News, June 20: Kate Hudson Expecting First Child, Actor’s Union Shuts Down Voight Project, Zellweger To Play Joplin in Feature Biopic, More…

Top Story: Kate Hudson Expecting First Child

Actress Kate Hudson and her rock star husband, Chris Robinson, are expecting their first child early next year, Reuters reports. A spokesman for Hudson, whose moment to shine came in her breakout role as Penny Lane in the 2000 Oscar winning movie Almost Famous, declined to give a more exact due date for the baby. Hudson, 24, and Robinson, 36, were married in December 2000. Robinson, the former frontman for the Black Crowes, is expected to begin touring again soon with his new band, New Earth Mud. Hudson is currently starring in the romantic comedy Alex and Emma, which opens this weekend. This will make a grandmother of Hudson‘s Oscar-winning mom, Goldie Hawn, the star of the 1960s TV show Rowan & Martin’s Laugh-In.

Spears, Berry and Costner Get Hollywood Stars

Britney Spears, Halle Berry and Kevin Costner are getting stars on Hollywood’s Walk of Fame, Johnny Grant, chairman of the Hollywood Chamber of Commerce, announced Thursday. Anthony Hopkins, John Singleton, Ted Turner, Glenn Close, Journey and 17-year-old twins Mary-Kate and Ashley Olsen will also get the celebrated sidewalk honor next year.

Stewart Trial Set for January 12

A federal judge ruled Thursday that Martha Stewart‘s trial for securities fraud will start on Jan. 12, Reuters reports. U.S. Judge Miriam Goldman Cedarbaum set the trial date after defense lawyers said they needed more time to review the government’s evidence against Stewart and Peter Bacanovic, her former stockbroker at Merrill Lynch & Co. Stewart, 61, was indicted June 4 and pleaded not guilty of securities fraud, conspiracy, obstruction of justice and making false statements. If convicted, she could face up to 30 years in prison and $2 million in fines.

Actor’s Union Shuts Down Voight Project

About 30 union actors and crew members, including Tess Harper and James Cromwell, have managed to shut down the non-union film Deadly Course, a project they believed was being produced by Screen Actors’ Guild member Jon Voight. A representative of the Intl. Assn. of Theatrical Stage Employees (IATSE) who asked not to be identified told Reuters, “The working conditions were horrendous. The pay was terrible. Some people were getting $6-$7 an hour. Some were working 20-hour days.” Voight confirmed to Reuters the project had been completely shut down but insisted he was not working on the film.

Exorcist Author, Director Sue Warner Bros.

William Peter Blatty, the author of The Exorcist, and William Friedkin, the director of the 1973 movie, have filed suit against Warner Bros., claiming the studio breached its fiduciary duty by self-dealing the rights for a newer version of the film. They also claim the studio would sell the rights to its sister cable TV networks TNT and TBS for little to no profit. Warner Bros., however, asked that the lawsuit be dismissed, claiming it has no financial responsibility to Blatty and Friedkin. Superior Court Judge Laurie Zelon denied Thursday Blatty and Friedkin‘s claim of breach of fiduciary duty, but set a July 14 trial for the two’s claims of breach of contract and misrepresented accounting, the AP reports.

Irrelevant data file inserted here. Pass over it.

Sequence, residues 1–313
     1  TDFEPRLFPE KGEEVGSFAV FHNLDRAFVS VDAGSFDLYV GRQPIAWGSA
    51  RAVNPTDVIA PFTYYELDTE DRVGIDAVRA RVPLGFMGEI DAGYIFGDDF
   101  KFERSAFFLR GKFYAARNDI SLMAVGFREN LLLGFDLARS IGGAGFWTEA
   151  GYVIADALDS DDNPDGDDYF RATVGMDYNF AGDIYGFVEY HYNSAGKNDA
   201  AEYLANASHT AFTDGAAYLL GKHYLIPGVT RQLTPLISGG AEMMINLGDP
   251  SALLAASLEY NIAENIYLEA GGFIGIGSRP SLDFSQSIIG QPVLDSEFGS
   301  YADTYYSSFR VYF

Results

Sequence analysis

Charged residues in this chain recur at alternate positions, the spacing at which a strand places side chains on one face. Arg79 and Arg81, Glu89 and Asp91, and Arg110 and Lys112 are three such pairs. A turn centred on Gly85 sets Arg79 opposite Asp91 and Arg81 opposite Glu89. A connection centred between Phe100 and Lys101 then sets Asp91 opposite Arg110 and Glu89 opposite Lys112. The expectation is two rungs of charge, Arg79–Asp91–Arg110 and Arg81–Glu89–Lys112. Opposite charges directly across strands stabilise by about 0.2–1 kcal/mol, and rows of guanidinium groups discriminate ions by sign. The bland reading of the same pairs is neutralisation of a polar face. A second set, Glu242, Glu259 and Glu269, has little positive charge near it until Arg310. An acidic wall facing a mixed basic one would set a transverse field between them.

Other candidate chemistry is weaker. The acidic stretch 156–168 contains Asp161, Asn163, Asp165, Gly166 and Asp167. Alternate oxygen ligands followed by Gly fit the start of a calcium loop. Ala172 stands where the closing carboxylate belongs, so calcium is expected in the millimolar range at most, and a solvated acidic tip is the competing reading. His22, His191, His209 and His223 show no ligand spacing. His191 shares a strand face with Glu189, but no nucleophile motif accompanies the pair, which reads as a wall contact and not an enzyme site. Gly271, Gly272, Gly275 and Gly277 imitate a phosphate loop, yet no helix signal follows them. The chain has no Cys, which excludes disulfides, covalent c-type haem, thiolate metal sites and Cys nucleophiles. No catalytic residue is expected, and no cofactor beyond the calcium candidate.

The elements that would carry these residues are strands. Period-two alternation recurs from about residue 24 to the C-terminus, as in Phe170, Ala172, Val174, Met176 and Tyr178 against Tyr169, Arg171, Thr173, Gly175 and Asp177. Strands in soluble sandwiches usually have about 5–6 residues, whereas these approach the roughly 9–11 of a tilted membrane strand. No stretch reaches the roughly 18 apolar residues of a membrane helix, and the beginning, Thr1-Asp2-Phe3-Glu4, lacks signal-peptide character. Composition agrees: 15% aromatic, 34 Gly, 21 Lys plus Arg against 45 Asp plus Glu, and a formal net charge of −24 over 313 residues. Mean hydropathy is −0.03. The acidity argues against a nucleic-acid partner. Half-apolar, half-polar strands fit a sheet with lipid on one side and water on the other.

No Spike TV for Viacom

The five appellate judges of the New York State Supreme Court upheld an injunction Thursday preventing media conglomerate Viacom Inc. from renaming its TNN cable network “Spike TV,” Reuters reports. Filmmaker Spike Lee, who directed Do the Right Thing, Malcolm X and 25th Hour, had won a temporary injunction last week stopping the name change, claiming he feared he would be erroneously associated with the network. Viacom, which plans to feature racy animated series such as Pamela Anderson‘s Stripperella and The Ren & Stimpy Adult Party Cartoon, wanted to change the name of its cable network to coincide with a programming shift.

Russell Simmons Pushes To Reform Drug Law

Impresario Russell Simmons went to Albany, N.Y., to push politicians to reform drug laws, but instead got blamed for taking up too much of the legislature’s time. According to Reuters, Republican State Senate Majority Leader Joseph Bruno said the Wednesday night seven-hour marathon meeting with Simmons “took too much time.” The two sides made progress, however, reaching a last minute agreement on how to reduce sentences for people now serving time mandated by the Rockefeller-era drug laws, which often result in jail time for first offenses and give judges almost no discretion.

Celebrities Entertain U.S. Troops in Gulf

Kid Rock and Wayne Newton will perform for U.S. troops in the Gulf this week as part of the first large-scale entertainment tour of the region. Dubbed Project Salute 2003, the performers will visits American military personnel in Baghdad, the aircraft carrier USS Nimitz and the Ali al-Salem air base in Kuwait, said Donna St. John, Reuters reports. Other celebs on the entertainment roster include actresses Alyssa Milano, Brittany Murphy, country singer Lee Ann Womack, actor Gary Sinise, comedian Paul Rodriguez and the Dallas Cowboys cheerleaders.

Role Call: Zellweger To Play Joplin in Feature Biopic

Renee Zellweg